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The Rebirth of Paint Creek

By Jim Reed

man-made Motorists traveling the West Virginia Turnpike through Raleigh, Fayette, and Kanawha counties have noticed something new besides tollbooths and speed limit signs.   Large green signs proclaiming: “Entering the Paint Creek Watershed - Please Keep It Clean” were placed here as a result of an initiative to improve the Paint Creek watershed.  

Travelers familiar with past conditions on Paint Creek may want to stop and reacquaint themselves with this stream. Stream surveys conducted by fisheries biologists have revealed improved water quality and diverse fish populations. What has happened in recent years to transform Paint Creek from an acid-impacted, littered stream to a clean, bubbling where anglers are a common sight?

In the winter of 1995, several people met in Fayette County to organize a Paint Creek watershed association.   Following that initial meeting, the Upper Paint Creek Watershed Association and the Lower Paint Creek Watershed Association (LPCWA) were formed to build local support for watershed improvements.   From these humble beginnings, a rebirth of Paint Creek has taken place that is a shining example of what local citizens can accomplish by working together.

The motto of the Lower Paint Creek Watershed Association states: “Where ordinary people are doing extraordinary things!”   This grass roots effort of citizen volunteers was formed to improve the water quality of the Paint Creek Watershed to benefit all citizens.   Their mission is to restore Paint Creek's beauty and water quality.   One of their goals is to improve environmental conditions within the watershed to support angling opportunities for trout and other gamefish .

This army of volunteers has formed partnerships with other private organizations, federal and state agencies, and other watershed groups who are working on similar issues throughout West Virginia.  

Examples of the group's major accomplishments are numerous but some of the more significant ones are listed below.  

The group has:

  • collected over 11,000 bags of trash
  • collected over 865 tons of solid waste (appliances, etc.),   125 tons of which   were eligible for recycling
  • removed 4,000 automobile tires
  • constructed several K-dams on tributary streams to improve fish habitat
  • monitored the water quality of Paint Creek and its tributaries through the Save Our Streams Program
  • constructed signs to identify the location of all tributaries
  • hosted a “Stream Doctor's Workshop” put on   by   the   Izaak   Walton League of America
  • secured over $618,000 in grants and in-kind services in less than four years to improve the water quality of Paint Creek
  • constructed a new boat ramp on the Kanawha River at Hansford
  • constructed a fishing pier for physically disabled anglers and three picnic shelters at Ash Branch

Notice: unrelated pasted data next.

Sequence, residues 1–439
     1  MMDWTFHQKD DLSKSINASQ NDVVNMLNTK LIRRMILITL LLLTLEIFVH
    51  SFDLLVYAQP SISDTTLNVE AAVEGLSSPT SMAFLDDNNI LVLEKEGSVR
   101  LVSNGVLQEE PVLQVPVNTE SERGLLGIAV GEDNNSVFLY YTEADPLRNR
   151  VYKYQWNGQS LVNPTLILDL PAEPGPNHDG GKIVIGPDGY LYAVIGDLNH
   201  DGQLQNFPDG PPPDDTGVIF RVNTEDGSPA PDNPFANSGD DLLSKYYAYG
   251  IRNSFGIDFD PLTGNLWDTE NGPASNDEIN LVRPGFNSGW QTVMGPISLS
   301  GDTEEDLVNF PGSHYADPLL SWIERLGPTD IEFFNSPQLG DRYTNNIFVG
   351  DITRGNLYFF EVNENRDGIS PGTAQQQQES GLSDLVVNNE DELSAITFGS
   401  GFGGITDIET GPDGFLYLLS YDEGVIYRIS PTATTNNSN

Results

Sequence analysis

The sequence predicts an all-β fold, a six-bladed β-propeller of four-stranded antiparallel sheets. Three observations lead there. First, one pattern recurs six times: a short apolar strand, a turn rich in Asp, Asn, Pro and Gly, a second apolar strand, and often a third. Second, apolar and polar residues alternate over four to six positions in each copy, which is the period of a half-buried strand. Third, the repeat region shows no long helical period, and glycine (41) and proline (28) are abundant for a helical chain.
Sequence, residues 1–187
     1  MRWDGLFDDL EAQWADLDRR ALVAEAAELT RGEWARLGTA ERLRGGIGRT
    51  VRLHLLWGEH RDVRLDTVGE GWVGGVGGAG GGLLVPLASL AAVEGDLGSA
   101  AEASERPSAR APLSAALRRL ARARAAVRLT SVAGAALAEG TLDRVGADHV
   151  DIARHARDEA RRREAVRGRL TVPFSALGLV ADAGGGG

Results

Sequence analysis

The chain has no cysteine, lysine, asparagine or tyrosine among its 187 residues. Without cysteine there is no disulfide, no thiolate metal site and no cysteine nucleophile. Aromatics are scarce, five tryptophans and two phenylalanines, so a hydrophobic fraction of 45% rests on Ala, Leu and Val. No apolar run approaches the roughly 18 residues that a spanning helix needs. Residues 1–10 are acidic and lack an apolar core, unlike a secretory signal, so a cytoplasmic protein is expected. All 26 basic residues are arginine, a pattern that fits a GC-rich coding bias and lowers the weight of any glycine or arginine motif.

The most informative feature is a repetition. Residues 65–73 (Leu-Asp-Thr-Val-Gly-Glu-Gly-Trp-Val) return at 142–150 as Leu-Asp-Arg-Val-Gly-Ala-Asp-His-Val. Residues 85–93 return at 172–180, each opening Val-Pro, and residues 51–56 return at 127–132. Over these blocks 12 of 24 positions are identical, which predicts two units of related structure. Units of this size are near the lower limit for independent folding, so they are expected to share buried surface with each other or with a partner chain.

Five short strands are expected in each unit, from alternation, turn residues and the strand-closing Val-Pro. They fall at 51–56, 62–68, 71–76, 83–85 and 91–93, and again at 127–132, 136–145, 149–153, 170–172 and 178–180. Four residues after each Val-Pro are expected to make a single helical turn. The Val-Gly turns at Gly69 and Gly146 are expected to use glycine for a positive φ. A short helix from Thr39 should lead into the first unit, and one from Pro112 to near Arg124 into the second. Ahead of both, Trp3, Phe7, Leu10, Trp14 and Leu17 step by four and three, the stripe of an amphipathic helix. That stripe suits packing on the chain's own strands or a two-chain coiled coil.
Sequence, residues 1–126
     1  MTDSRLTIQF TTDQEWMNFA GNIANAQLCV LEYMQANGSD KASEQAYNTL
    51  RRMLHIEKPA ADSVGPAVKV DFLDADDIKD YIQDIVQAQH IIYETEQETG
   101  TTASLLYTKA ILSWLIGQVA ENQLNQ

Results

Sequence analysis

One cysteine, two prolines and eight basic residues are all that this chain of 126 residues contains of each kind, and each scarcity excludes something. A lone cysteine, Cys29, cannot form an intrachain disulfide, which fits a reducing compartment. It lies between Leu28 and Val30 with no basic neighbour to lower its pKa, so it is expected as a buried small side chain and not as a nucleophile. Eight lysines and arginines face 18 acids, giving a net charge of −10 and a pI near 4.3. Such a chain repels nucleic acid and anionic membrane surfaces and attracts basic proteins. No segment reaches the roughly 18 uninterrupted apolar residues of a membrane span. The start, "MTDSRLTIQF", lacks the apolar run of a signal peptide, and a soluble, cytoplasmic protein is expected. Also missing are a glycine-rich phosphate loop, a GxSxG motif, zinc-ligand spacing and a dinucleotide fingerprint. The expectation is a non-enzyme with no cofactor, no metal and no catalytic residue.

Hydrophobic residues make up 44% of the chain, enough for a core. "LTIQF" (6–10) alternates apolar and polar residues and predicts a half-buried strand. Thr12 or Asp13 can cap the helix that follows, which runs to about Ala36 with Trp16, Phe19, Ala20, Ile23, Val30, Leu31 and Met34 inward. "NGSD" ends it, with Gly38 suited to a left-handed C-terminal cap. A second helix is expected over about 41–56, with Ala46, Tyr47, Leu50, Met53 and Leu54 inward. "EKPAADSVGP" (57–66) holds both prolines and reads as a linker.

• stocked over 15,000 brown trout fingerlings in Paint Creek
  • completed a limestone sand project in partnership with the Division of Environmental Protection on Ten-Mile Fork near Burnwell
  • improved stream habitat using natural stream channel design approach
  • assisted numerous other watershed groups in developing organizational skills

It is not difficult to understand why the Paint Creek Watershed was selected as the aquatic debrisWest Virginia Watershed Organization of the year in 1999!

John Rader , former Director of the Division of Natural Resources, recognized the major improvements the citizens of the Paint Creek Watershed were making along Paint Creek.   He assembled a Paint Creek Restoration Team to assist the outstanding work that has been accomplished by both the Upper and Lower Paint Creek Watershed organizations.   This team is composed of representatives of the Upper and Lower Paint Creek Watershed associations, the Canaan Valley Institute, the Division of Environmental Protection, the Turnpike Commission, and the Division of Natural Resources.   After developing a vision for the entire Paint Creek Watershed, the group is actively supporting implementation of additional watershed improvement projects.

  Trout are being caught year-round from Pax downstream to Skitter Creek and in a section from Burnwell to the vicinity of Ash Branch.   Additional limestone treatment is planned on several tributaries affected by acid mine drainage and could restore several miles of stream.

Paint Creek is easily accessible from the West Virginia Turnpike.   This accessibility combined with watershed improvements offers the potential for greater fishing opportunities for southern West Virginia anglers.

So when you see the new green signs proclaiming -- “Entering the Paint Creek Watershed - Please Keep It Clean”-- remember, you are witnessing the “Rebirth of Paint Creek!”

Jim Reed is the District Fisheries Biologist in Beckley.